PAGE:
US $ China tension pad cut for cutting rate


Meridian, Mississippi / San France, May 10 (Reuters) – Donald trump's decision to raise tariffs on $ 200 billion worth of imported Chinese products fueled Friday speculation about the possibility of a Canadian Canadian Federal Reserve's end-of-year cap on a Canadian Federal Reserve. The case that a head of the central bank does not exclude if the economic situation deteriorates.

The Fed announced in January that it plans to leave rates unchanged until 2020 to allow time to assess the impact of times of contradictory factors, including lower-than-expected inflation, but also growth and job creation higher than expected.

Donald Trump and some other top US troops. There. Politicians have repeatedly called the central bank to lower rates to increase growth, which should decelerate in the second quarter after reaching 3.2% annually over the first three months of the year. Year.

Friday, the Fed Chairman of the Regional Atlanta Office, Raphael Bostik, did not argue that the rise in tariffs eventually justified such a cut.

"It is possible, depending on the severity of the reaction," he told reporters. "It will depend on what companies decided to do and it will depend on how long the tariffs are in effect."

The March forecast released by the Fed suggests that the majority of its leaders expect rate stability until the end of the year. And earlier this month, the chair of the institution, Jerome Pavell, said recent low inflation was a temporary factor and reiterated that there was no urgent need to raise or lower rates.

US $ There. Consumer price data released on Friday remains the facto contained.

Short term Paris

With the entry into force on Friday of 25% pay on $ 200 billion of Chinese products, interest rate interest rate markets have begun to reintegrate into the courts, with the possibility of 1/4 declining Fed cash rate target by the end of December.

The Fed is currently targeting a federal cash rate of 2.25% and 2.50%, a level that estimates do not stimulate or increase growth.

A majority of observers expect US dollar. There. Importers to submit tariff increases on their selling prices, which would lead to higher consumer prices in the months to come.

Logically, such a price increase should dismantle the Fed of reducing rates, but in this case, the probability of a decline may be increased. Analysts believe that tariff increases should only be temporary and that the Fed will likely choose to ignore them.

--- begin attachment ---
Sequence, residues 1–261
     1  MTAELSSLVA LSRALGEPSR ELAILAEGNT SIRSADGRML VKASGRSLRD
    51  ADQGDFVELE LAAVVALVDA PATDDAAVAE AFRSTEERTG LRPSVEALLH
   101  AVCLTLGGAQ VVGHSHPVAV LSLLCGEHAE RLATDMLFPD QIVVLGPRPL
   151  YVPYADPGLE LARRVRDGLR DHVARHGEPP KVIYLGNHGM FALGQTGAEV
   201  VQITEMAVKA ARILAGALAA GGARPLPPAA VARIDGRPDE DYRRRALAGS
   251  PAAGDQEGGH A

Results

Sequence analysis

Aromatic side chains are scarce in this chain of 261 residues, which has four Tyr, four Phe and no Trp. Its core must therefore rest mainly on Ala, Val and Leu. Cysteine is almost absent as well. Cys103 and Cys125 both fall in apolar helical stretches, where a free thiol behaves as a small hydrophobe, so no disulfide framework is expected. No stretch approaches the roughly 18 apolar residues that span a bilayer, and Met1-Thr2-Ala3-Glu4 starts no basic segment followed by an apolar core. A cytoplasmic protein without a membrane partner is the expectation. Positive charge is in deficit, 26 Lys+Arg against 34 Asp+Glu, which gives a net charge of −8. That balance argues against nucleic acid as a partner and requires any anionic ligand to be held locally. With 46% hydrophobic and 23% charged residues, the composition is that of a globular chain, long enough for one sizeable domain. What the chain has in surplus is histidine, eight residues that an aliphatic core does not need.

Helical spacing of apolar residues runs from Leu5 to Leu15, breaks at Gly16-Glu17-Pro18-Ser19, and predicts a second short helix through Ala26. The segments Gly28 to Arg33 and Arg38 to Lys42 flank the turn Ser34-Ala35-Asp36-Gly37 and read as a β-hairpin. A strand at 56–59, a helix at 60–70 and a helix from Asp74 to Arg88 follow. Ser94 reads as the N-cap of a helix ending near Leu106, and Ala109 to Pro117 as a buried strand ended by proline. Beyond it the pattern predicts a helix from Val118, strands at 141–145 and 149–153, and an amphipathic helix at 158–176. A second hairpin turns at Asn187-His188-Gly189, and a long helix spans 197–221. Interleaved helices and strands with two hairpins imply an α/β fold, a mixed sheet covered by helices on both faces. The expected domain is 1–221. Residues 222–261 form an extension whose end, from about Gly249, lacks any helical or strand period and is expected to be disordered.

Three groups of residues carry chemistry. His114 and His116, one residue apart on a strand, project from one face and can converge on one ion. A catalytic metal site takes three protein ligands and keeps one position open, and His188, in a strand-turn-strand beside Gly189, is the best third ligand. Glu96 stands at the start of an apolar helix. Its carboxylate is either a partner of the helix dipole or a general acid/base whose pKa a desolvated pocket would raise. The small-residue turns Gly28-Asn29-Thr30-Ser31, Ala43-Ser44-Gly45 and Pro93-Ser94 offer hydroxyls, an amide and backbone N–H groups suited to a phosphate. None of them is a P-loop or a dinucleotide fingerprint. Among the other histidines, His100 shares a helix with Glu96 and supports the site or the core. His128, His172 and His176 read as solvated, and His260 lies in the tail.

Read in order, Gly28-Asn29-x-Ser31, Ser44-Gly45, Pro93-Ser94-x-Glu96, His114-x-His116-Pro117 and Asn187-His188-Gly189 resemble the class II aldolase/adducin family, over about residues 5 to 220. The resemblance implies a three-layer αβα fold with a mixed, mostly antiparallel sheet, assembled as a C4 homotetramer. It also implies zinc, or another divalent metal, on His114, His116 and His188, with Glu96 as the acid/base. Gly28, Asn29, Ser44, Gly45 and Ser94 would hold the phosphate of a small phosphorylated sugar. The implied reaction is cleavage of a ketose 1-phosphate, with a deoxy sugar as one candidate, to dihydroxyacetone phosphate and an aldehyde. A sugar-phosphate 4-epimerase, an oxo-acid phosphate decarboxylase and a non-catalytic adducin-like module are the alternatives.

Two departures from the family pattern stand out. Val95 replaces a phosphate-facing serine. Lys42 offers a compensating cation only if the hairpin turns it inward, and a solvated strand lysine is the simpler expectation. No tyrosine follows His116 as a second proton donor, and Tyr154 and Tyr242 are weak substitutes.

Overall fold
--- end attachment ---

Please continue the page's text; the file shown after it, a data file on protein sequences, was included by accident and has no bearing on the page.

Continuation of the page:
Bart Hobin, a professor of economics in Arizona State University, recently co-authored a study with San Francisco Fed researchers concluding that inflationary noticeable but transitory effects of tariff increases.

What is Impact on Consumption?

However, the impact on consumer spending and growth may be more pronounced, especially if the US economy is to be over. There. China's relations continue to deteriorate, and if the tramp management puts its threat to extending the taxation of Chinese billions of dollars in trade that are spared for the time being.

For TD Securities Analyst Michael Hanson, the Fed should not lower rates on a preventive base, but should wait for no considering signs of slowdown, whether they are concerned with international trade or consumption, and employment in the United States. .

If this is the case, he'll have the fat to react by engaging in a new cycle of course cuts. He adds, however, that this hypothesis is not the preferred scenario.

Not all analysts are so worried. Bart Hobijn explains that consumers will spend their expenses on price changes by referring to cheaper products. "The magnitude of this substitution movement is difficult to predict but it will sometimes offset the inflationary and contractional effects of tariffs," he says.

New York Fed President John Williams also wanted to relay the impact of customs duties on Friday.

"Tents remain a problem," he said, expecting the US economy to grow by about 2.25 percent this year, believing its long-term trend.

His Atlanta counterpart, Raphael Bostik, said he would start his day Monday by studying the potential impact of tariff growth on GDP growth.

With Trevor Hunnarnik;
Marketplace for French service

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